The security of the remaining 10 percent of space systems, Kordella said, “is often very classified, and very exclusively addressed by a small group of people. We’ve come up with some very clever ways to address that,” he said, calling those components “highly protected.”

But that security through obscurity approach to the on-orbit components of space systems may not last. 

As part of the standup of SSC, DeLaPena explained, “we’re fundamentally changing how we buy satellites into a more modular open system architecture, with standard interfaces to plug-and-play payloads.” But that model implies open, published standards, which blows away at least part of the protection provided by classified system architectures. 

The design of a processor or other system element might still be secret, but the way it communicates with other system components on the satellite has to be public, to ensure that other vendor systems can “plug-and-play.”

And the unique character of many space systems components is a double-edged sword, from a  security point of view. There is a huge ecosystem of tools—like vulnerability scanners or pen testing frameworks—that can be used to test the security of conventional IT systems. But they mostly don’t work on satellite systems, explained USSF Capt. Matthew Preszler, part of the SMC Production Corps Test and Evaluation team focusing on cyber.

“Our satellite systems run on data buses, not like typical [Internet Protocol, or] IP networks, so we need specialized tools to conduct this pen testing,” he said. The pen testing tools his team currently has in Pathfinder development “will allow us to emulate typical hacker attacks, like man-in-the-middle or replay type attacks” on the unique architecture of satellite systems.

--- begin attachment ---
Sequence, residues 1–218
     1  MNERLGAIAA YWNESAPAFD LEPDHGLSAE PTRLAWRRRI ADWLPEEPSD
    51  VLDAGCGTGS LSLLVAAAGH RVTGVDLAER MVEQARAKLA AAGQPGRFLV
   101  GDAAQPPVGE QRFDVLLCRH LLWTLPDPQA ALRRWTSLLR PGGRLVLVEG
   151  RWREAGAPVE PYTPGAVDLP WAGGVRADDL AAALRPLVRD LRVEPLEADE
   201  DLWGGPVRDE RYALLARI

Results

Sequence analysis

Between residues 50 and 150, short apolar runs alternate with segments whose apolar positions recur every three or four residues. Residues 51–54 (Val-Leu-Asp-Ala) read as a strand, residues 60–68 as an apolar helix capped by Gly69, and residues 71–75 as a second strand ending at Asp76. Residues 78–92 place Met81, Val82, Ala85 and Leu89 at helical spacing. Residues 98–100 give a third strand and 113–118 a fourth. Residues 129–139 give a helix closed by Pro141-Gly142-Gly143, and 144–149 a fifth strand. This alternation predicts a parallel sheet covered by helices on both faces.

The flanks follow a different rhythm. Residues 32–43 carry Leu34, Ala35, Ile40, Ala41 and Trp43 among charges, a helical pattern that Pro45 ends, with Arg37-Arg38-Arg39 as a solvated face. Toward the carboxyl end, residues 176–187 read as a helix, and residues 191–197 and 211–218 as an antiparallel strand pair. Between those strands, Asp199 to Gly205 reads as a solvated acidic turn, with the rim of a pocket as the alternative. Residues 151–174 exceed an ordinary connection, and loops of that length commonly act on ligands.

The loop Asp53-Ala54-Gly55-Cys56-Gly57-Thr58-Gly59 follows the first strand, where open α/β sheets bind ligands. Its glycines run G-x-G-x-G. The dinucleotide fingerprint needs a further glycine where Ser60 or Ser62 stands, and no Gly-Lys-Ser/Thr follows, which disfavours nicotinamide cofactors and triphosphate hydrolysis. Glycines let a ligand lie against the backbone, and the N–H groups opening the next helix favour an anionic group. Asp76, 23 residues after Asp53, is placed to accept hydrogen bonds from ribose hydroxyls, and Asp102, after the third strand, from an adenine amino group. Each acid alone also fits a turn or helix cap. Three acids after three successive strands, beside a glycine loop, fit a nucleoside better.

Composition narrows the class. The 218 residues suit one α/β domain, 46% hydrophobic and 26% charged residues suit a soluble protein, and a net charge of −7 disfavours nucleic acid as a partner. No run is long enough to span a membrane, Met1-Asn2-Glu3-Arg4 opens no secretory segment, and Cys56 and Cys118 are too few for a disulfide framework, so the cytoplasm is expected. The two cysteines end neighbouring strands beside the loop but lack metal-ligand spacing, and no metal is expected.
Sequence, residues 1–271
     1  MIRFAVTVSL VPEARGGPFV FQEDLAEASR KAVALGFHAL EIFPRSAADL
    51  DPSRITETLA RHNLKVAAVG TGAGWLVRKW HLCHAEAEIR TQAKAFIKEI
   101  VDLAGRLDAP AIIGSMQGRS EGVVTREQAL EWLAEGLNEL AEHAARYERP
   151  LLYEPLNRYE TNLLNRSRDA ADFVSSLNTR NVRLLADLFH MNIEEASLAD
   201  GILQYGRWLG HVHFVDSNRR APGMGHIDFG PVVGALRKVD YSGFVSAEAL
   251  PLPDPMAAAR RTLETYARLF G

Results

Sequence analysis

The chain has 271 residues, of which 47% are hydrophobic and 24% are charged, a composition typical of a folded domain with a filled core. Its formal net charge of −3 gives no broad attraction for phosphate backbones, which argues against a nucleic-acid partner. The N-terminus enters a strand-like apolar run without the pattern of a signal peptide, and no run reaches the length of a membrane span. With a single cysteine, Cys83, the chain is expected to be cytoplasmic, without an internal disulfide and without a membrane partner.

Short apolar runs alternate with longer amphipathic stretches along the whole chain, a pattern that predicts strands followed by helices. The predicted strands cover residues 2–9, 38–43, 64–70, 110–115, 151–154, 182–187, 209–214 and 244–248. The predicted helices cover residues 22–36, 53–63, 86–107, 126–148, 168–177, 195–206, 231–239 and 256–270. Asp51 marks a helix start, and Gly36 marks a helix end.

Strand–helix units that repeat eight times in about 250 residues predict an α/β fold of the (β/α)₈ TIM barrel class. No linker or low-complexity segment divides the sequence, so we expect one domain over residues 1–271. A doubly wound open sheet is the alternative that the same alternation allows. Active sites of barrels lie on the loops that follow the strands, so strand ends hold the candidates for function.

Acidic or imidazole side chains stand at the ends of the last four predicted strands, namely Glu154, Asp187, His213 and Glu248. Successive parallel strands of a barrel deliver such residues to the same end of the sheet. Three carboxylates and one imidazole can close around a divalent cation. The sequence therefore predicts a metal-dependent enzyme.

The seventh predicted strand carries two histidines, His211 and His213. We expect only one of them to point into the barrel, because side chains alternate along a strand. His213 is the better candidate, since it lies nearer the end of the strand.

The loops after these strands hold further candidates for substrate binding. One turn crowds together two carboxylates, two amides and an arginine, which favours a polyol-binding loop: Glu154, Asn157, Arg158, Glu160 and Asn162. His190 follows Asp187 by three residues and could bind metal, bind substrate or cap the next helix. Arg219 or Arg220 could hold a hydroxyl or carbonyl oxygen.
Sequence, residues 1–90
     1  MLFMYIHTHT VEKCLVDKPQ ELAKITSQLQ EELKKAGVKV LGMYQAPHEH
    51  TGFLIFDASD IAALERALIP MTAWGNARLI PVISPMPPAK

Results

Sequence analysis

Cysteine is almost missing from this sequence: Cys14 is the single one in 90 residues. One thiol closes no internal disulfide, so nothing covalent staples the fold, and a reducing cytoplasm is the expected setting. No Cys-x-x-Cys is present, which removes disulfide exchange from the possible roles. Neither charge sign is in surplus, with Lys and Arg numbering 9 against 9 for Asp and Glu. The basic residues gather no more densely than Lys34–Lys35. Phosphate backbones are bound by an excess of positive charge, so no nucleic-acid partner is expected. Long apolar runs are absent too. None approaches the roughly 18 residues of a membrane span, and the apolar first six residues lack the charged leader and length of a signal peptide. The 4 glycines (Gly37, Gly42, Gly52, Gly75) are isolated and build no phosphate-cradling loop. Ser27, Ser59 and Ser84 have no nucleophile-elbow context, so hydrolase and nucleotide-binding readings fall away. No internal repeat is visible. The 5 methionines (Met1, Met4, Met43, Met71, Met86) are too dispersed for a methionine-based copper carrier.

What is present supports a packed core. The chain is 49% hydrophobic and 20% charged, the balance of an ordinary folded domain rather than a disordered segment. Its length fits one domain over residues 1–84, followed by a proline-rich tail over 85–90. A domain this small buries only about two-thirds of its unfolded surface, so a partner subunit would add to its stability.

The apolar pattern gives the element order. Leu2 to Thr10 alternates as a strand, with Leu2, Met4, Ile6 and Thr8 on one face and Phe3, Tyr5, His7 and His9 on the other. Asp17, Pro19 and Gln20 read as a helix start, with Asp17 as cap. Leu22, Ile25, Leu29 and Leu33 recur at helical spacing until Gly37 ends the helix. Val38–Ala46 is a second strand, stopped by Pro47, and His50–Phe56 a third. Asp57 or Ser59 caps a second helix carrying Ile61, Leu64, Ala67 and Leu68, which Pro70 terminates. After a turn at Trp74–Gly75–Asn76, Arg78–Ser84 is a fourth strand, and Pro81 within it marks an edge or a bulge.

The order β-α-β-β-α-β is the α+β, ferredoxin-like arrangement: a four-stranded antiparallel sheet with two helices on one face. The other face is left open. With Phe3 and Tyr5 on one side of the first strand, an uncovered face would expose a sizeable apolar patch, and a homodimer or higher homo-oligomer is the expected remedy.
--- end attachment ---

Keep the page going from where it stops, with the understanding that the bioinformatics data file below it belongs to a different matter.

Each component of satellite architecture contributes to a complexity that increases the number of failure point possibilities and thus makes the system more vulnerable to attack. Here, range operations squadron personnel track the flight of a SpaceX Falcon 9 launch at the Western Range Operation Control Center, Nov. 21, 2020, at Vandenberg Space Force Base, Calif.
Michael Peterson/USAF

The need for SPEED

The pen testing tools are phase one of an ambitious vision Preszler is in charge of realizing: The Satellite Penetration-test Environment, Evaluation, and Demonstration, or SPEED—a set of digital tools that engineers will be able to use to test and evaluate the cybersecurity of space systems throughout the entire acquisition cycle.  

SPEED is currently just a concept, but the phase one pen testing tools are already in development and will be ready for internal testing by September, according to Preszler, who added that they hoped to use them to test vehicles in the 22-strong  GPS IIIF satellite constellation, which went into production last year and is scheduled to start launching in 2026.

Two further phases of SPEED are planned, Preszler said. The second phase involves building a fully digital model of a space vehicle. The Space Cyber Test Range currently under development uses flat sat model satellites with hardware and software components, but Preszler points out that a totally digital model will be “available and accessible from multiple locations.” Attacking such a digital model will help uncover cybersecurity vulnerabilities the real satellite has, which can then be fixed or mitigated during manufacture.

The third and final phase, he said, is developing security tools that can monitor a satellite’s internal system to detect malicious activity the way conventional cybersecurity software—like intrusion detection and prevention systems —monitor regular IP networks.

All the tools developed under SPEED will be available to Space Cyber Test Range users from all three acquisition corps in SMC, Preszler said. 

The stand-up of Space Systems Command will build on an earlier reorganization, dubbed SMC 2.0, which created three acquisition corps to handle different phases of the space systems life cycle: The Development Corps for design and prototyping; the Production Corps for manufacturing; and the Enterprise Corps for sustainment and communications once the vehicles are on orbit.